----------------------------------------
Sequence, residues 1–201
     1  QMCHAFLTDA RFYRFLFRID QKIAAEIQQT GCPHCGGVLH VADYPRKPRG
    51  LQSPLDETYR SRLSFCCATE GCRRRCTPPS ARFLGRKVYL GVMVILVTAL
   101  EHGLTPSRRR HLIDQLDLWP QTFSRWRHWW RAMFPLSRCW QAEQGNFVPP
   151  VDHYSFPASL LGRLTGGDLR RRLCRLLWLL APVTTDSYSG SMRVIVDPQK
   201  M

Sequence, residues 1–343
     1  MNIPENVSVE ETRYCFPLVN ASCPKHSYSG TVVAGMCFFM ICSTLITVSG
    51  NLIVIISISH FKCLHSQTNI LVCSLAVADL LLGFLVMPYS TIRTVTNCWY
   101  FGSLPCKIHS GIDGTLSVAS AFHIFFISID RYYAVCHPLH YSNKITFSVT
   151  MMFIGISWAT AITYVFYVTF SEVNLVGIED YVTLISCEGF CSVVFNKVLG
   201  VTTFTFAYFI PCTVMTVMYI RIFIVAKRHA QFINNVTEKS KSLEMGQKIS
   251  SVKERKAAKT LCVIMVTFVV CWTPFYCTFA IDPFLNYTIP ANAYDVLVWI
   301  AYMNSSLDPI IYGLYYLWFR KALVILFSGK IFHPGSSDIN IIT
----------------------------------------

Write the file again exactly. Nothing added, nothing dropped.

Sequence, residues 1–201
     1  QMCHAFLTDA RFYRFLFRID QKIAAEIQQT GCPHCGGVLH VADYPRKPRG
    51  LQSPLDETYR SRLSFCCATE GCRRRCTPPS ARFLGRKVYL GVMVILVTAL
   101  EHGLTPSRRR HLIDQLDLWP QTFSRWRHWW RAMFPLSRCW QAEQGNFVPP
   151  VDHYSFPASL LGRLTGGDLR RRLCRLLWLL APVTTDSYSG SMRVIVDPQK
   201  M

Sequence, residues 1–343
     1  MNIPENVSVE ETRYCFPLVN ASCPKHSYSG TVVAGMCFFM ICSTLITVSG
    51  NLIVIISISH FKCLHSQTNI LVCSLAVADL LLGFLVMPYS TIRTVTNCWY
   101  FGSLPCKIHS GIDGTLSVAS AFHIFFISID RYYAVCHPLH YSNKITFSVT
   151  MMFIGISWAT AITYVFYVTF SEVNLVGIED YVTLISCEGF CSVVFNKVLG
   201  VTTFTFAYFI PCTVMTVMYI RIFIVAKRHA QFINNVTEKS KSLEMGQKIS
   251  SVKERKAAKT LCVIMVTFVV CWTPFYCTFA IDPFLNYTIP ANAYDVLVWI
   301  AYMNSSLDPI IYGLYYLWFR KALVILFSGK IFHPGSSDIN IIT